August 6, 2119—Kansas City, MO. The last brick and mortar church building in the city closed today. The Rev. Joe Schmoe signed the papers to complete the sale of the once strong congregation. The building will be razed and an electric charging station for autonomous vehicles will be built in its place. The handful of members left will meet in one of the parishioner’s homes.
A century ago, brick and mortar church buildings were on nearly every street in the city. But over the last several decades church buildings like the obsolete automobile gas stations and department stores have left the landscape of our cities. Sociologists and historians have debated on the exact cause of the death of the brick and mortar church building in the 21stcentury. There are plenty of factors:
Those religiously bent historians might point to things like a division over the proper response to the LBGTQ community, the embracing of partisan politics, the church’s silence in the face of societal injustices, little empathy for the hurting and lonely or the moral failure of prominent leaders. But it seems that all of these are examples of the problems and not the core issue. A simple reading of the Gospels show how the 21st century church had gotten away from the teachings of Jesus and strayed from their core mission to make disciples. A church without a mission is not a church but a social club, and social clubs eventually lose their appeal and die within a generation or two.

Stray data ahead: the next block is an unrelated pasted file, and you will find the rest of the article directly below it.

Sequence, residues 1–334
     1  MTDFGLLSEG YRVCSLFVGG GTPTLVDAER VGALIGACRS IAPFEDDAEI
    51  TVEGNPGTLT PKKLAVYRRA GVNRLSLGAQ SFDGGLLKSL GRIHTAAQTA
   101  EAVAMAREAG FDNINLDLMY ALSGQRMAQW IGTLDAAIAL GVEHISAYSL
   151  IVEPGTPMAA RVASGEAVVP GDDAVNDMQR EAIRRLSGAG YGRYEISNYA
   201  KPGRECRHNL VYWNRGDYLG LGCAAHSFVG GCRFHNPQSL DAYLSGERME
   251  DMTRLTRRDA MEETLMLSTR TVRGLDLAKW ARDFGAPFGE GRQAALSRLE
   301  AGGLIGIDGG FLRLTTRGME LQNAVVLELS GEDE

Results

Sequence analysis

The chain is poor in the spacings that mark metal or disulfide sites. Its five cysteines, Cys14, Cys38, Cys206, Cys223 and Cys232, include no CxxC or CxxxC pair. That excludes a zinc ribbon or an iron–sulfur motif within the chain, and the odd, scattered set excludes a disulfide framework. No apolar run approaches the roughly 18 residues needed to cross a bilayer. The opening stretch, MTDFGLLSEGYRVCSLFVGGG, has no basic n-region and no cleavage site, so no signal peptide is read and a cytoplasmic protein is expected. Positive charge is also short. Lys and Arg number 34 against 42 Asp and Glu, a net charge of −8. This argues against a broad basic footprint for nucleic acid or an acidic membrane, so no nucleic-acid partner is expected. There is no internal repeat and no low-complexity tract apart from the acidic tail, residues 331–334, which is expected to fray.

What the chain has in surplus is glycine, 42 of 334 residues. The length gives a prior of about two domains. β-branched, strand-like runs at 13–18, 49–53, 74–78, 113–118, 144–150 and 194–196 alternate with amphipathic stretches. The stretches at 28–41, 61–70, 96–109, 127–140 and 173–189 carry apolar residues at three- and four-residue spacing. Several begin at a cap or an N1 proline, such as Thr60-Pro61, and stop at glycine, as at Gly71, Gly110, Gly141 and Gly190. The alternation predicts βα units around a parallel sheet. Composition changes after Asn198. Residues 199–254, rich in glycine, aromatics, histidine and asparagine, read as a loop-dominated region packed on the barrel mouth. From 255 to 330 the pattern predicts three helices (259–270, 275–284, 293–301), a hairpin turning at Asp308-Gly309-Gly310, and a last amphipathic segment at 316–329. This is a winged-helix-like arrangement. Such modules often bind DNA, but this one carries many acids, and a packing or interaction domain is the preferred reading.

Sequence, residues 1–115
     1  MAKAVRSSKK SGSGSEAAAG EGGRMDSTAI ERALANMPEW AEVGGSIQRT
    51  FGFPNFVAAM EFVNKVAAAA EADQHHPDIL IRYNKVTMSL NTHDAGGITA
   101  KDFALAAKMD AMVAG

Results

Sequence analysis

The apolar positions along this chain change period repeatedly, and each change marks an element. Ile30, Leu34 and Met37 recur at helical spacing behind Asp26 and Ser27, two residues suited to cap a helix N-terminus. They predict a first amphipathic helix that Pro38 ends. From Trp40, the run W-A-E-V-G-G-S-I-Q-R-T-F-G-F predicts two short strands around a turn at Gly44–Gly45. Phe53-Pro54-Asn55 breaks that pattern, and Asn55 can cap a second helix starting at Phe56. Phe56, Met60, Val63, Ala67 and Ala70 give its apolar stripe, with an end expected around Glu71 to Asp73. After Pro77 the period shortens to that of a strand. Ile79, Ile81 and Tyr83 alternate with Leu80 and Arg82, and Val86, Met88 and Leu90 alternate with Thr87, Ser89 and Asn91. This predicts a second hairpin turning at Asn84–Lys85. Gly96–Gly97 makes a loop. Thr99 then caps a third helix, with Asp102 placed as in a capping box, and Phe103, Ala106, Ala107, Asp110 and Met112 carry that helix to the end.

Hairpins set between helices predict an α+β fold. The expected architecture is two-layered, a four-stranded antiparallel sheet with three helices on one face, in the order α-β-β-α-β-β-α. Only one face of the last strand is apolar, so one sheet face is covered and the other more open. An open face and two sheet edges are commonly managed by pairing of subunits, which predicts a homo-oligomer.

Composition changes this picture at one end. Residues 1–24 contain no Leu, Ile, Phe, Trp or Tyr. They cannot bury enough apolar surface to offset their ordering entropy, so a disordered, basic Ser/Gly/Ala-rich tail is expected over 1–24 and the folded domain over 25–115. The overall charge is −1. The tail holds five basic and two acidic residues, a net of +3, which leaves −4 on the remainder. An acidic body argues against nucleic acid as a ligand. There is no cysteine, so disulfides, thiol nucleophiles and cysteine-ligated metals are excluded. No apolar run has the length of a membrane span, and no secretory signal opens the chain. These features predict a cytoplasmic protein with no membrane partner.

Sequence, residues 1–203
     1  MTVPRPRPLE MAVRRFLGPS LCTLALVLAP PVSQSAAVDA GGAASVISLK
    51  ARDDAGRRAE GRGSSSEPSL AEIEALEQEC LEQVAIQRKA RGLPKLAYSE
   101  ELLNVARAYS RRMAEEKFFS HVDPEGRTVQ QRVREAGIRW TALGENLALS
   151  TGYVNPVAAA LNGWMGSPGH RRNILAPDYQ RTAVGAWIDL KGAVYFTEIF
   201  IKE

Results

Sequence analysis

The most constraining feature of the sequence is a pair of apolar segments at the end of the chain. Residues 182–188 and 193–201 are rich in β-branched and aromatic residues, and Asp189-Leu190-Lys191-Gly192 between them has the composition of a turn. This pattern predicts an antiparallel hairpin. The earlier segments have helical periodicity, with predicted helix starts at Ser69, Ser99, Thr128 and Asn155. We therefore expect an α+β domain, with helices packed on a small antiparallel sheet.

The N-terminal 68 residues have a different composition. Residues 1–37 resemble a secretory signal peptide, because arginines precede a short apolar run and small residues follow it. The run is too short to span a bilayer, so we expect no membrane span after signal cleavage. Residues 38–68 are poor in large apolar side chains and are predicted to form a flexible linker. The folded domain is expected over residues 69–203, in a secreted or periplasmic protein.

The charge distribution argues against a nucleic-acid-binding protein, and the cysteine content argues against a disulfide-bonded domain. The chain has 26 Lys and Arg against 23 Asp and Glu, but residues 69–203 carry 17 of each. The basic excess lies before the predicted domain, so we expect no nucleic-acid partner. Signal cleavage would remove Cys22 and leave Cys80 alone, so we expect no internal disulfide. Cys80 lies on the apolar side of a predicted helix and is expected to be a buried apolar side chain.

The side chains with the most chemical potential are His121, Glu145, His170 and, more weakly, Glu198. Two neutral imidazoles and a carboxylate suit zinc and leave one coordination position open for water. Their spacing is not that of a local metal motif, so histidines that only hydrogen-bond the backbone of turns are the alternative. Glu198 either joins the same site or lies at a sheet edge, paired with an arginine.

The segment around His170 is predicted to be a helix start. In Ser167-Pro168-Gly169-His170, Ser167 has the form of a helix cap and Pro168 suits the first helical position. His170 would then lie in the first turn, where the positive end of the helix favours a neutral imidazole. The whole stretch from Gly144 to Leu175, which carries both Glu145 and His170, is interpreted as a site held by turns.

Plenty of people fed up with the perceived hypocritical church model stopped attending altogether. The people that did show up to the brick and mortar buildings in the mid 21st century brought with them a social media driven world view shaped by their favorite political pundits, sports heroes and celebrity wannabes. With them came a narcissistic mindset that the world, church and even Jesus revolved around them. They would come to church when they had nothing better going on and frequently they had something better going on. They weren’t mad at Jesus. They just ignored him or tired of his counter-cultural words.
The few people who remained were less inclined to tithe as there was a notable difference in loyalty to the church from the members who preceded them. With less money and less people, many congregations simply could not afford their buildings. The closures were as much for economic reasons as they were for theological and societal ones.
You can still find Christians today. They meet in homes and coffee shops. They seem to be more committed to each other than those who called themselves Christian from a century ago. While smaller in raw numbers, it seems these Christians are faithful to the cause of Christ. Some people may look at the lack of buildings as a sign of decline, maybe it is an example of the old adage: Addition by subtraction. By subtracting the brick and mortar buildings, denominationalism, and theological weeds that had grown in the way, this new generation of believers seems to be more influenced by the mission and message of Jesus. This growing phenomenon explains why many of the faithful have been heard saying, “The church isn’t dead. It’s just not warehoused in a brick and mortar building any longer.”